2. Treatment with Outgoing Qi. Open the points of the Eight Extra Channels in accordance with the theory of point selection called The Eight Methods of Intelligent Turtle (Ling Gui Ba Fa ) and with the principle of opening the points at a definite time. Press and knead the acupuncture points Baihui (Du 20), Dazhui (Du 14), Lingiai (Du 10), and Feishu (U.B. 13). Use Flat Palm or Sword Thrust hand gestures and the pushing-pulling-quivering manipulations to emit Qi and guide it to flow along the channels. Pinch the points Baihui (Du 20), Yintang (Extra 1), Shangen, Renzhong (Du 26), Tinggong (S.I. 19), Jiache (St 6), Quchi (L.I. 11), Hegu (L.I.4), Weizhong (U.B.40), and Chengshan (U.B.57). Use the Middle Finger Propping hand gesture and the vibrating method to emit Qi towards the points Jiuwei (Ren 15) and Zhongwan (Ren 12) for a period of 18 normal respirations. Next, guide Qi to flow along the Ren Channel back to Dantian.

5.1.5 Management of Temporary Symptoms Emerging during Qigong Exercise.

Some mild symptoms may emerge during the course of initial practice. These symptoms, usually resulting from incorrect exercise, should not be regarded as deviations and are not difficult to treat. Following, are some common symptoms and their management methods: Fullness of the Head and Headache. Qigong beginners who have not mastered the practicing methods are often nervous mentally. They may hold their facial muscles too tightly or exert too much mind control. Such situations often cause headaches. Treatment methods include relaxation of the mind and muscles in the head during Qigong practice, Head Daoyin Exercise, Psychosomatic Relaxation Exercise, and the exercise of saying "Xu" from the Liver Regulation Exercise.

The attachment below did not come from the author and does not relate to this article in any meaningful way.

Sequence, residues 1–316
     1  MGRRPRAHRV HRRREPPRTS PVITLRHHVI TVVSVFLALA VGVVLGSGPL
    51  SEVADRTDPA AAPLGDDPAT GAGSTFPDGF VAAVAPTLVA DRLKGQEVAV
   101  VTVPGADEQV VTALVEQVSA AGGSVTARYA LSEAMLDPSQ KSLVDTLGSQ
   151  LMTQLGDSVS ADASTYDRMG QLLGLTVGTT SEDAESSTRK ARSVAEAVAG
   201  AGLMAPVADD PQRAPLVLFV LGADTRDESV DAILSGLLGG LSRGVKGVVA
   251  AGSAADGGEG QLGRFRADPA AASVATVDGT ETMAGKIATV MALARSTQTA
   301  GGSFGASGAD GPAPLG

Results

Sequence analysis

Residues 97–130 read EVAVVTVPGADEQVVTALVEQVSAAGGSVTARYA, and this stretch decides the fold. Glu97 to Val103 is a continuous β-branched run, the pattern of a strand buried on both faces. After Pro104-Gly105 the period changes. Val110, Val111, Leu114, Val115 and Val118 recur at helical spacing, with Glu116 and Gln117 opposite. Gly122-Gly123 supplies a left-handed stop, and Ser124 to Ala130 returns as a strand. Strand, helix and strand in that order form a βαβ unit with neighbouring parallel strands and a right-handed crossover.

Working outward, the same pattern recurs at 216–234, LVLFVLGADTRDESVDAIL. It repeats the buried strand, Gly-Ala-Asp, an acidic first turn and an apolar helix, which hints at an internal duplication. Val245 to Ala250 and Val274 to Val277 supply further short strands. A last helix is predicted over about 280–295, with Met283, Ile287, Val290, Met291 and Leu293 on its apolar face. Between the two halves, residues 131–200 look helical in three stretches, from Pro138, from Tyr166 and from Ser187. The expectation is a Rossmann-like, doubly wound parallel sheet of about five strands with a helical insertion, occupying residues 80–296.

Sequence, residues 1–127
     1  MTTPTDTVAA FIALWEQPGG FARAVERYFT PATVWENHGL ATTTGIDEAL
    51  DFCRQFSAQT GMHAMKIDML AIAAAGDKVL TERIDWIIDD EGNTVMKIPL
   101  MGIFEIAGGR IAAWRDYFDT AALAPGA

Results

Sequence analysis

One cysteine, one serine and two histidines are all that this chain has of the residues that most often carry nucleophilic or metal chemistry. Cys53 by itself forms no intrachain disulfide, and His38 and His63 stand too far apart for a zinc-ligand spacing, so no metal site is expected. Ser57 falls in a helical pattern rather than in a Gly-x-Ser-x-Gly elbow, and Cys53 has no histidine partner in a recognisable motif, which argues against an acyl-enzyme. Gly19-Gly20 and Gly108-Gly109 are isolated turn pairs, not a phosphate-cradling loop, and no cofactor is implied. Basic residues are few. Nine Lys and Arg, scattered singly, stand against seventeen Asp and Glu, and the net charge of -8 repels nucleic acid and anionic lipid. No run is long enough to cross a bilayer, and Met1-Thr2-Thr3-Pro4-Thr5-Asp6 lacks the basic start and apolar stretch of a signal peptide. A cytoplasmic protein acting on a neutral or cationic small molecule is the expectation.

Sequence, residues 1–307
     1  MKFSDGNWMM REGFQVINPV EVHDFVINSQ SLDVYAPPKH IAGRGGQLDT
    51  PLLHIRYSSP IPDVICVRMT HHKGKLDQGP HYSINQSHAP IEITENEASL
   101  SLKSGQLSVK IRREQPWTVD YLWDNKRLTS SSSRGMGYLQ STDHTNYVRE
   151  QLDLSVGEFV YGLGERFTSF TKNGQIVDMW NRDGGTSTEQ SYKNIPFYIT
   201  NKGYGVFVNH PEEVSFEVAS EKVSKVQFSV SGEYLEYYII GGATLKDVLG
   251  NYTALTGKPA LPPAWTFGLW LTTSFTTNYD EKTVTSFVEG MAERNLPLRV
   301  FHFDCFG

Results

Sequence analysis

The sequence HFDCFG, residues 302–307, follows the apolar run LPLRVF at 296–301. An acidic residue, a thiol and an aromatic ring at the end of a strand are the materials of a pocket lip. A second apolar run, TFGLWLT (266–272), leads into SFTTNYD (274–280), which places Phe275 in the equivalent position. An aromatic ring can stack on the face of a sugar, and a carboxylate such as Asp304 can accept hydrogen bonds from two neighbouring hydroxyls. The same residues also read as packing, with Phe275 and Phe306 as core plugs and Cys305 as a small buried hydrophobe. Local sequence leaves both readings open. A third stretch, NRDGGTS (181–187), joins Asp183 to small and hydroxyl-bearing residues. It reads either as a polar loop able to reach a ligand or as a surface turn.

Choking Sensation in the Chest. This symptom usually stems from breath-holding and breath-prolonging. Massaging the Chest and Saying "He", Massaging the Chest and Saying "Si", Chest Exercise, or concentrating the mind on the point Zusanli (St. 36) may relieve this symptom.

Abdominal Distention and Soreness. These two symptoms usually occur in beginners who perform the exercise Abdominal Respiration too strenuously. To alleviate the symptom, pay attention to proper movement of the abdominal muscles, use a reasonable time duration for each exercise session, and practice Abdominal Exercise.

Coldness of the Extremities. This symptom is usually due to excess of Yin and deficiency of Yang or by incorrect Qigong practice in terms of time, posture, and breathing methods. If the symptom is caused by excess of Yin and deficiency of Yang and if the methods of the practitioner are correct, the Yang Qi will recover gradually and the symptoms will disappear. If the symptom is caused merely by incorrect practice methods, you should make the proper corrections and practice the exercise, Taking Essence From the Sun for supplementation.

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Responses

  • dale
    Can you heal yourself from qi deviation?
    7 years ago
  • konsta
    Can physical exercise cure chi kung deviation?
    7 years ago